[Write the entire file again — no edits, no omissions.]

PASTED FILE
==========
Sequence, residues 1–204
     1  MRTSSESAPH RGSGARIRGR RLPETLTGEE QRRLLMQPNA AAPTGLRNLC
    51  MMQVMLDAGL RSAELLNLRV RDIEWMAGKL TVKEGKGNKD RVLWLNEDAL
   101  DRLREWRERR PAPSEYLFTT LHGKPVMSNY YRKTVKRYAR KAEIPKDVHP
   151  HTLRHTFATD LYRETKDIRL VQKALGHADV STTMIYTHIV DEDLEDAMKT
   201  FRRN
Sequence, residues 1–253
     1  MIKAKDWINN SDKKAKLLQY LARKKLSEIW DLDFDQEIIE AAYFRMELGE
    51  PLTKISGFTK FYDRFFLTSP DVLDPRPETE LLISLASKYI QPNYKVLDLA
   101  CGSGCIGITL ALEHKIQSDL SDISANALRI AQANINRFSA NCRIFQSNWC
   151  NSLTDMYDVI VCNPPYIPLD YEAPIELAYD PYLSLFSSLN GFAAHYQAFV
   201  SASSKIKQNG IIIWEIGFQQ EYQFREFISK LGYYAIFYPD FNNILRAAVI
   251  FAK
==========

Sequence, residues 1–204
     1  MRTSSESAPH RGSGARIRGR RLPETLTGEE QRRLLMQPNA AAPTGLRNLC
    51  MMQVMLDAGL RSAELLNLRV RDIEWMAGKL TVKEGKGNKD RVLWLNEDAL
   101  DRLREWRERR PAPSEYLFTT LHGKPVMSNY YRKTVKRYAR KAEIPKDVHP
   151  HTLRHTFATD LYRETKDIRL VQKALGHADV STTMIYTHIV DEDLEDAMKT
   201  FRRN
Sequence, residues 1–253
     1  MIKAKDWINN SDKKAKLLQY LARKKLSEIW DLDFDQEIIE AAYFRMELGE
    51  PLTKISGFTK FYDRFFLTSP DVLDPRPETE LLISLASKYI QPNYKVLDLA
   101  CGSGCIGITL ALEHKIQSDL SDISANALRI AQANINRFSA NCRIFQSNWC
   151  NSLTDMYDVI VCNPPYIPLD YEAPIELAYD PYLSLFSSLN GFAAHYQAFV
   201  SASSKIKQNG IIIWEIGFQQ EYQFREFISK LGYYAIFYPD FNNILRAAVI
   251  FAK